Esophageal cancer is an aggressive form of cancer, and one that often remains asymptomatic until relatively late in the disease process. “Before I was diagnosed with this, I had never heard of it,” says Bart Frazzitta, from Manalapan, New Jersey. “I didn’t even think you could get esophageal cancer.” In fact, there were approximately 14,250 new cases of esophageal cancer diagnosed in 2004 in the United States and 13,300 deaths from the disease. Additionally, of all the solid tumors, esophageal cancer is the one that has been increasing most rapidly in recent years. The reasons for the increase may be related to an increase in gastroesophageal reflux disease and other lifestyle factors.
Esophageal cancer initially develops in the esophagus, which is the smooth muscular tube that carries food and liquids from the throat to the stomach. There are two types of esophageal cancer: squamous cell carcinoma and adenocarcinoma. Squamous cell carcinoma occurs when the cells that normally line the inside of the esophagus begin to proliferate abnormally. Adenocarcinoma develops from abnormal glandular cells that line the walls of the esophagus that has been damaged by gastroesophageal reflux disease (GERD).
Previously, squamous cell carcinoma was the predominant form of the disease. In recent decades, however, adenocarcinoma has become more prevalent and now accounts for more than half of all cases of esophageal cancer in the United States, says Stuart Spechler, MD, from the University of Texas Southwestern Medical Center in Dallas.
Unfortunately, the disease does not produce many symptoms in its early stages and thus goes undetected. Large, advanced tumors may cause weight loss, difficulty swallowing, or evidence of blood in stool or vomit.
With no early warning symptoms, individuals often don’t realize something serious is going on until they have advanced cancer. Frazzitta’s only symptom was chronic heartburn a couple of times a week for about a year. Yet when he was diagnosed in December 1999, he had stage 3 cancer, which means the disease had already spread from the esophagus to surrounding tissues or lymph nodes.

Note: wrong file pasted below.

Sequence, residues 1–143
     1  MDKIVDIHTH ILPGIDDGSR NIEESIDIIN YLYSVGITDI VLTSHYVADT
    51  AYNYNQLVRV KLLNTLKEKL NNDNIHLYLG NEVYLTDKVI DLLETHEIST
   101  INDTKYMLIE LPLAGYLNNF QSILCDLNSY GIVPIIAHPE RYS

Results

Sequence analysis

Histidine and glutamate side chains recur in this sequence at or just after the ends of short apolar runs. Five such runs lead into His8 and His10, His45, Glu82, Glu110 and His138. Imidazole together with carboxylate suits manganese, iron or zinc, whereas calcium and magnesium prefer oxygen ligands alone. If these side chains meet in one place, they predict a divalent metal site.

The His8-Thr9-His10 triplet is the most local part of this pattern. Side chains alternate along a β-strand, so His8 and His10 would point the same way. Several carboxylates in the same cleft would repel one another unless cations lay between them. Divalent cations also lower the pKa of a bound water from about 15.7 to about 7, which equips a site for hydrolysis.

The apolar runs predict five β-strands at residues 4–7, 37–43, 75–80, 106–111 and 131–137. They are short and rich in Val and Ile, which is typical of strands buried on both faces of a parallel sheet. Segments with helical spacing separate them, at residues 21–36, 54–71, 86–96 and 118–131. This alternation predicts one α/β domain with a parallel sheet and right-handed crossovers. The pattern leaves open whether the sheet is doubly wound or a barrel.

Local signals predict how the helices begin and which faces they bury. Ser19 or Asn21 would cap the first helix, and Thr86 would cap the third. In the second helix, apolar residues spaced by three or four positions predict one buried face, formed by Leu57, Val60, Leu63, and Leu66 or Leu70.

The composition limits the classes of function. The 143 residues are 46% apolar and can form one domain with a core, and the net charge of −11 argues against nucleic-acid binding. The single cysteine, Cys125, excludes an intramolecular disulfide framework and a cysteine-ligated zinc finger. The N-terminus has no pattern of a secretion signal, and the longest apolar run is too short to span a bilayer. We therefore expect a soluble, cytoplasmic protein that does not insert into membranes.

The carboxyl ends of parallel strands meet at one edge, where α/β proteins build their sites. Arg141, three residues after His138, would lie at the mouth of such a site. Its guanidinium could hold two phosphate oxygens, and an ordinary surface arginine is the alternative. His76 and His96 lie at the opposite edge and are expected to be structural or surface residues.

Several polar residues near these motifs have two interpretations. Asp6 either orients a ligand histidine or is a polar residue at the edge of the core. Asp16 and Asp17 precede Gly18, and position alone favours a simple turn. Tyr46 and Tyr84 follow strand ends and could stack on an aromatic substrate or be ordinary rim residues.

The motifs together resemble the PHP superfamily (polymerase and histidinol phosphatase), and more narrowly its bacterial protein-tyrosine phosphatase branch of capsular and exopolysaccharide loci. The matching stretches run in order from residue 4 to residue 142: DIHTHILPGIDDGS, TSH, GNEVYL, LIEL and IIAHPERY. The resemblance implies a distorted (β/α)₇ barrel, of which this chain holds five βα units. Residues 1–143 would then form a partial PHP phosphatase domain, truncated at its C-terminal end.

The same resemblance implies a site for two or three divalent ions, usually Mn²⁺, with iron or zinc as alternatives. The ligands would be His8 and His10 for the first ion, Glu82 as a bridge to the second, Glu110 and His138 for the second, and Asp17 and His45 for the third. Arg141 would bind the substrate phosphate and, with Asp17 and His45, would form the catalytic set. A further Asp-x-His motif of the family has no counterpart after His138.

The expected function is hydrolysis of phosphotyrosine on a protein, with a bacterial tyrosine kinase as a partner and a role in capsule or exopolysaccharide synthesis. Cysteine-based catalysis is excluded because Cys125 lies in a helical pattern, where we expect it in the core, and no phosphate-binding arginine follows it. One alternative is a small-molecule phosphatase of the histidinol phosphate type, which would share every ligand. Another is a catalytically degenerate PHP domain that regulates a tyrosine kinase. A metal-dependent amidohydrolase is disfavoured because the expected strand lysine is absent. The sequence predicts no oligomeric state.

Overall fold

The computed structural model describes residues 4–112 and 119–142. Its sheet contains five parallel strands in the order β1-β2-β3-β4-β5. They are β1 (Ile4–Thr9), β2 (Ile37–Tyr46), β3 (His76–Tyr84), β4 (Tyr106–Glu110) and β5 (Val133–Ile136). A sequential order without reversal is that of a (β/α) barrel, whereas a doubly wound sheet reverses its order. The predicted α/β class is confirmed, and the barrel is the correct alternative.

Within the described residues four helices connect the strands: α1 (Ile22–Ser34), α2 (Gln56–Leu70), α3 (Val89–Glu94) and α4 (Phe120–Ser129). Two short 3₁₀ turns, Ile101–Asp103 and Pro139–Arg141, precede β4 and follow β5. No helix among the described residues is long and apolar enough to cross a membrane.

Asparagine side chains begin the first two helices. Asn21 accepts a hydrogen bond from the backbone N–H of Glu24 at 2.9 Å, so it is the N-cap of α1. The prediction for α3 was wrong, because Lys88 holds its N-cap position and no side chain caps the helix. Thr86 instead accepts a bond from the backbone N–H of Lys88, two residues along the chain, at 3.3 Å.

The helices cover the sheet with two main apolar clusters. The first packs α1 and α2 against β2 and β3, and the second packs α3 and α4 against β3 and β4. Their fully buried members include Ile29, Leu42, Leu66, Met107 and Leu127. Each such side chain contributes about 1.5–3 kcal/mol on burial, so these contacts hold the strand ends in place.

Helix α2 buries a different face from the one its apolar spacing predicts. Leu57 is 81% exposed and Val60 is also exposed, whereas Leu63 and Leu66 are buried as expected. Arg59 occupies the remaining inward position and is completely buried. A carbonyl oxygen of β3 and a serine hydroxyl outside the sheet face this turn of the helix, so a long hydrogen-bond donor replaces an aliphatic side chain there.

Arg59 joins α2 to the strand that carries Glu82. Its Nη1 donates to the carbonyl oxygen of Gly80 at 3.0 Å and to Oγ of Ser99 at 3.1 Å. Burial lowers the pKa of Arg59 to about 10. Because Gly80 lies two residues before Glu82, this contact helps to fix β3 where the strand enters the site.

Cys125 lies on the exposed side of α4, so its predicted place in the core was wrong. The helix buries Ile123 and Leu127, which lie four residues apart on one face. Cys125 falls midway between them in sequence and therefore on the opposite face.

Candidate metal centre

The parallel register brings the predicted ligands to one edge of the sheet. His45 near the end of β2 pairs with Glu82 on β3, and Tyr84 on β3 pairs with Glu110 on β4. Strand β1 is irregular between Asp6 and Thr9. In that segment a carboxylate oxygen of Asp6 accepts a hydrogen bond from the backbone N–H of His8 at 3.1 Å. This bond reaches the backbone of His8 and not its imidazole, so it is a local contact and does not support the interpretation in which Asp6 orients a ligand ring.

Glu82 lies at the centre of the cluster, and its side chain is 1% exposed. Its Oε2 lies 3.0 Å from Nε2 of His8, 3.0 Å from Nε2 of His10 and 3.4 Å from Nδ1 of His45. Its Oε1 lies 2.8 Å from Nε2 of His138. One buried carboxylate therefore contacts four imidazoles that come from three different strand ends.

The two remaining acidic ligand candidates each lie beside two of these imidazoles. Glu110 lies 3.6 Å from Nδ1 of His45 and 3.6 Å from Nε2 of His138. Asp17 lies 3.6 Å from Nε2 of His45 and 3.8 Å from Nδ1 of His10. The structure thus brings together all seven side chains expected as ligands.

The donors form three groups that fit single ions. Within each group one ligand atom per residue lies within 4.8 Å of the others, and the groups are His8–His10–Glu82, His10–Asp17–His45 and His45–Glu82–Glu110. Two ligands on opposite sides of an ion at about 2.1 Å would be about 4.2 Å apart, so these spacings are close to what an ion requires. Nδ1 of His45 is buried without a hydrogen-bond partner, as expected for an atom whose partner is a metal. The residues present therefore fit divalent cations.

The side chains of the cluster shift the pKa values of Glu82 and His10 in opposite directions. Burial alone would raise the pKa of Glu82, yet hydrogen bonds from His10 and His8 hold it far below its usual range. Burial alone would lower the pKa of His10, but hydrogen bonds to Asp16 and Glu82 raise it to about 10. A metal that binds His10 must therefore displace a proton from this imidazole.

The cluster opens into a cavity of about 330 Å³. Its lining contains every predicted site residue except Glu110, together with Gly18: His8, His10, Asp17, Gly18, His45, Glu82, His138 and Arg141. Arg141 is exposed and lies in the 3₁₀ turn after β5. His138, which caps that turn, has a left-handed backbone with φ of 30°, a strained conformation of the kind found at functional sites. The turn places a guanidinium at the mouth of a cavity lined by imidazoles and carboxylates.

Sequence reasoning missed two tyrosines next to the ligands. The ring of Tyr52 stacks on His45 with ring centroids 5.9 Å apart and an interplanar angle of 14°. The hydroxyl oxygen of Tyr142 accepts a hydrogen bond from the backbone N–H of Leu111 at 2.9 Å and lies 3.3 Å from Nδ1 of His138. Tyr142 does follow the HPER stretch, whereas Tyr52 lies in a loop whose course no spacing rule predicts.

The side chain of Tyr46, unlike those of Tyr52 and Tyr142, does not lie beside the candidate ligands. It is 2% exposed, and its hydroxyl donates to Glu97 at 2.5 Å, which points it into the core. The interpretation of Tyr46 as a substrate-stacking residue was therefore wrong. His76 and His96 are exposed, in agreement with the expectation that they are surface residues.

“A lot of people will go and get an antacid and feel better and think they have cured the problem,” says Frazzitta, who subsequently has become a patient advocate and co-founder of the Esophageal Cancer Education Foundation (www.fightec.org). In truth, the antacid just masked a symptom of a serious disease, which is why experts recommend that if heartburn or indigestion persists, people should see a doctor.
The two types of esophageal cancer occur with different frequencies in different ethnic groups. Squamous cell carcinoma is more common in blacks and Asians, while white men are at highest risk for adenocarcinoma.
Some of the risk factors for the two subtypes are the same, but not all of them. For example, obesity is a risk factor for adenocarcinoma, while malnutrition puts individuals at increased risk for squamous cell carcinoma. However, heavy smoking and age over 50 are associated with an increased risk of both types of disease.
Sometimes, however, even those risk factors don’t apply. Vickie Powell, a resident of Radcliff, Kentucky, was just 38 when she developed a case of the hiccups that she couldn’t keep at bay. Initially her doctor put her on an antacid, which she took for a week and a half.
"You know your own body," says Powell. “I went back to the doctor and said something just is not right.” After more tests, she was told that she had a golf ball-sized tumor in her lower esophagus and upper stomach. She wasn’t overweight, she didn’t drink or smoke, and she doesn’t ever remember having heartburn.
A major risk factor for adenocarcinoma of the esophagus is Barrett’s esophagus, which occurs when the valve that lies between the stomach and the esophagus doesn’t function properly. Normally, it acts like a one-way gate, letting food and liquid move from the esophagus into the stomach, but keeping the acid and digestive enzymes of the stomach in the stomach. If the valve weakens, then acid will escape into the esophagus, which is called acid reflux. Repeated exposure to the acid damages the esophageal cells, causing them to die.
When new cells arise to take their place, a strange thing happens, says Dr. Spechler, who is an expert on Barrett’s esophagus. Instead of regenerating new esophageal cells that would continue to be damaged by the acid escaping from the stomach, the esophagus begins to produce cells that resemble those that line the intestinal tract. Such cells are ready for an acid bath and aren’t damaged as easily by acid reflux.